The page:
1. Choose a simple game (not found in the reading) and describe its Constitutive Rules, Operational Rules, and (at least 3…) Implicit Rules.

Candy Land

Candy Land is a simple 2 to 4 player game where they basically race to the end.

Operational Rules:

Deck of candy cards is shuffled and put on the table (faced down) where everyone can reach. The youngest player goes first then next round rotates to the left of first player. Players pick one of the four colored pawns and place them on the board at the starting point. Players then take turn to draw one card from the deck; that card may contain one color block, two color blocks, or images of places on the board. Players move their pawns accordingly to the color of the block shown on the card. If a two block cards are drawn, the pawn is moved forward twice on the same color. Whoever reaches the castle wins the game.

Constitutive Rules:

All players begin with a value of zero. There are 134 blocks from start to finish divided to: 22 red, 22 purple, 21 yellow, 21 blue, 21 orange and 21 green. Three of these blocks (penalty blocks) stop one from moving until the same color block card is drawn out by the next player, these penalty blocks are: yellow block number 48, blue block number 86, and red block number 121. There are 66 cards in total to draw from. There are two shortcut blocks that allow players to jump ahead from block 5 to 59 and from block 34 to 47.  Player who reaches the rainbow block at the end is the winner of the game.

Implicit Rules:

  1. No more than one card is drawn at a time (unless players have agreed to play by special rules).
  2. You cannot reshuffle the deck while other players are taking their turn unless the deck is completely gone through without anyone reaching the castle.
  3. Once you landed on a block, your pawn cannot be moved even though you landed on a wrong color.

2. In your opinion what does the element of randomness contribute to making a game more compelling?

I personally feel like randomness adds more excitement to the game. It increases chance of winning for bad players. It can help turning the game momentum completely. One good example would be Backgammon; the better player could have all the strategies planned out and think that he is winning but a single dice roll can turn the game around and he can end up losing in the end.

3. Pick one of the games we played in class that involves randomness and describe how you feel personally about the role randomness plays in the game experience?  (BackgammonCitadelsCatan, or other)  (Please incorporate concepts from the reading in your answer)

So far I personally like Citadels the most because it was not as confusing as the Space Dice Duel. As the deck of the character cards is shuffled and one card is drawn out, players can choose their character cards that will benefit them the most. Say that you were the king in one round and you were running out of tokens and you plan to pick the thief card the next round, there is a chance that you might randomly be:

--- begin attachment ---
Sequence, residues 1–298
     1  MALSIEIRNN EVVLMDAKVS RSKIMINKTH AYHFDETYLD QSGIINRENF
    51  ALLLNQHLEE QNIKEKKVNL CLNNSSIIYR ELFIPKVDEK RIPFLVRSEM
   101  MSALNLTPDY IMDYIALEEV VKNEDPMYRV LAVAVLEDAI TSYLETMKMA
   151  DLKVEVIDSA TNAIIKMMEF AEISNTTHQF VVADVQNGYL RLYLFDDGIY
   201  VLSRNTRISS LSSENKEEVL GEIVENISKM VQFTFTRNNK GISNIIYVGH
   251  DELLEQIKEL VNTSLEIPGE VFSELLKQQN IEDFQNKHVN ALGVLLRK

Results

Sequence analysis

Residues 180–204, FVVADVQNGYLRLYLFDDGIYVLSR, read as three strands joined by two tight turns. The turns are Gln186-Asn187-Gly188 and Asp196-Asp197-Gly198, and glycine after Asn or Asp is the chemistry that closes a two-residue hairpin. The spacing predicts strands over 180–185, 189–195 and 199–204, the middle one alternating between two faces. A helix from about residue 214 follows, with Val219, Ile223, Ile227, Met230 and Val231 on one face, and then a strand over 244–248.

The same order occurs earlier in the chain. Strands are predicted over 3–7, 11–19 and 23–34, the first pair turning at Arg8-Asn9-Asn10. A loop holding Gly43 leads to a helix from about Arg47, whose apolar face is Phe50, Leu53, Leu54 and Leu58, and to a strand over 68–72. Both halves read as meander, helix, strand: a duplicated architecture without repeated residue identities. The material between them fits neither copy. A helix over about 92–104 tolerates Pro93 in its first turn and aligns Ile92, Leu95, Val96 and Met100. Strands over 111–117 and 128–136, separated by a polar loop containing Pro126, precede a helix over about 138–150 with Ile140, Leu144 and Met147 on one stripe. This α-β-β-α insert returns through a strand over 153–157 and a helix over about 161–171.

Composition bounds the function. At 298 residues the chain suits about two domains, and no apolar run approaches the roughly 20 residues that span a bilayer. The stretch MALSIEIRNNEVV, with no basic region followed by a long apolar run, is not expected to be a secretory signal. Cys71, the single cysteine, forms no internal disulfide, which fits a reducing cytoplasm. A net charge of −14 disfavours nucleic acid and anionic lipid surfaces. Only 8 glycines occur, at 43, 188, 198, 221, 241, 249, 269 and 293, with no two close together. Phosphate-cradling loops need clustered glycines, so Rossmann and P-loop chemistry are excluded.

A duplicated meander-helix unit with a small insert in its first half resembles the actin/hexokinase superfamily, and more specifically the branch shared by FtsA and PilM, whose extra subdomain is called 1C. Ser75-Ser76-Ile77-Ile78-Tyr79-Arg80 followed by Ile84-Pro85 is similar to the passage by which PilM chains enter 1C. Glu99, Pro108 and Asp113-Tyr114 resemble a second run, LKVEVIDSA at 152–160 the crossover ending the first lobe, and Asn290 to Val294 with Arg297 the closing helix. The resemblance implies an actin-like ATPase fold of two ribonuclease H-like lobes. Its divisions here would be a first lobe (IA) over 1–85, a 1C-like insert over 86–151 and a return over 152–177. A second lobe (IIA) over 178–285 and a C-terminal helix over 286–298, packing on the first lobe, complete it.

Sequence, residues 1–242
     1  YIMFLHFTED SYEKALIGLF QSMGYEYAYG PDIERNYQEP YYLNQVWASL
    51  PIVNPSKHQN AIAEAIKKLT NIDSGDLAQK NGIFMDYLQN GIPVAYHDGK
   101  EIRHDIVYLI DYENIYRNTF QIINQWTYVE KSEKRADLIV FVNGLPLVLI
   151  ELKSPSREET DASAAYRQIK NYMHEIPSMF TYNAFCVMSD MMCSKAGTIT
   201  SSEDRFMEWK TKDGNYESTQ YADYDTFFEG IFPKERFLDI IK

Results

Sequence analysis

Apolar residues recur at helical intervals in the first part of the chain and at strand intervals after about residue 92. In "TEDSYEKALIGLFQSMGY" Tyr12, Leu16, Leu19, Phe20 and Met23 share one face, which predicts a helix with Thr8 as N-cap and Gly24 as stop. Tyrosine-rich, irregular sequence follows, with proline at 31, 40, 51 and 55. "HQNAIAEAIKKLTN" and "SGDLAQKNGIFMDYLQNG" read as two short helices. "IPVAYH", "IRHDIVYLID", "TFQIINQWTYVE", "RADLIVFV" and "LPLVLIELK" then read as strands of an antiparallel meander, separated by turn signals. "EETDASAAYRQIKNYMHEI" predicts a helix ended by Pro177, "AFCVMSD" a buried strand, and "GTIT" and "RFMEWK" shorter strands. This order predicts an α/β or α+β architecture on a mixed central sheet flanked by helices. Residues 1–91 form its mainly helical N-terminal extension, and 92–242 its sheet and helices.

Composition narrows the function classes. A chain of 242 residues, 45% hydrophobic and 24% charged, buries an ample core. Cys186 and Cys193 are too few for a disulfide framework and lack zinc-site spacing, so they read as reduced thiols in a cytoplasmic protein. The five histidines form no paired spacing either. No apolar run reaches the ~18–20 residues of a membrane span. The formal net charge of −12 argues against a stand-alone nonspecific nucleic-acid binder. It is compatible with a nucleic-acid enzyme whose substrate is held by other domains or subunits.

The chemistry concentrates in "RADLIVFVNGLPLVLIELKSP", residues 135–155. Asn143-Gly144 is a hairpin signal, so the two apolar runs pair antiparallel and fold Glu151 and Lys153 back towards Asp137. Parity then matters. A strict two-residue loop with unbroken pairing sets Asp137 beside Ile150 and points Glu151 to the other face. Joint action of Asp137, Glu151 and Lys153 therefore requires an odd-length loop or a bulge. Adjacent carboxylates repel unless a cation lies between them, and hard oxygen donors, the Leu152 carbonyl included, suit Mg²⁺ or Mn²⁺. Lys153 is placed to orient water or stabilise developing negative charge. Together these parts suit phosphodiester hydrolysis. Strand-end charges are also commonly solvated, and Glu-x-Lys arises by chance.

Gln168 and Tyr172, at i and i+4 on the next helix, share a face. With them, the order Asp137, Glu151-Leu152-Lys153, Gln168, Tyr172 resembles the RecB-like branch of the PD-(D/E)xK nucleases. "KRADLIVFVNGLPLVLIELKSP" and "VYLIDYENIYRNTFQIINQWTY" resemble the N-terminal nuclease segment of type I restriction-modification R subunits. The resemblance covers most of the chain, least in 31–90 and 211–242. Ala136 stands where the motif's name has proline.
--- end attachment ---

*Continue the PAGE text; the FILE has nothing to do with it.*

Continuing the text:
A: assassinated by the assassin and you lose your turn entirely or,

B: unable to become thief because the thief card was left out

Now this changes your strategy completely and it makes the game more involving and engaging since all players are required to come up with new strategies all the time when the game does not turn out they way they plan.

4. Describe examples (from any of the games we have played in class or another game you have played) of these key cybernetics concepts: a positive feedback loop and a negative feedback loop. (This question is not so easy )

One of the games we have played in class that is a good example for cybernetic system is Citadels. Say, a player chooses to be an architect, that player gets to build a lot of districts for that one round, now this player may plan to be an architect for the next turn as well to get ahead on the game, the ways in which this player keeps building districts is positive feedback loop, if this keeps going throughout the whole game, that player will win the game. This is where negative feedback loop comes into play. Other player might choose to be the warlord so they have special power to destroy the architect’s district, or the magician so they can swap their cards with the architect. The architect can also become the target of the assassin’s. These negative feedback loops help keeping the balance of the game.

5. In your own words explain these concepts from the field of Game Theory:

Saddle Point

A saddle point is the most ideal solution for players to win the game. If a player found a saddle point of the game, that player will no longer make a meaningful decision. They will usually degenerate their strategy and keep using that saddle point just to win the game. For example, I used to play Street Fighter and when I played against the computer, if I found the right combination that can damage the opponent a lot in one hit, I would keep using that combination over and over until I win the game. This is saddle point of the game.

Prisoners Dilemma

Prisoners Dilemma is when two rational players are in the situation where they may or may not agree with one another. It is not considered a zero sum game, according to the payoff grid from the reading. Supposed there are two criminals (A and B) who commit a crime together, the police make them testify against each other resulting in jail time. Any rational players who are interested in their own benefit, they will try to minimize their jail time, in this case if both choose to cooperate to remain silent, it will only result them in one year jail time each. But if they choose not to cooperate and only want to defect one another, they both will be in jail for 2 years each. This is how I understand prisoners dilemma.

Zero Sum Game

A zero sum is when one player gains a point, the other player losses an equal point. This is so when the points add up, it is always equal to zero.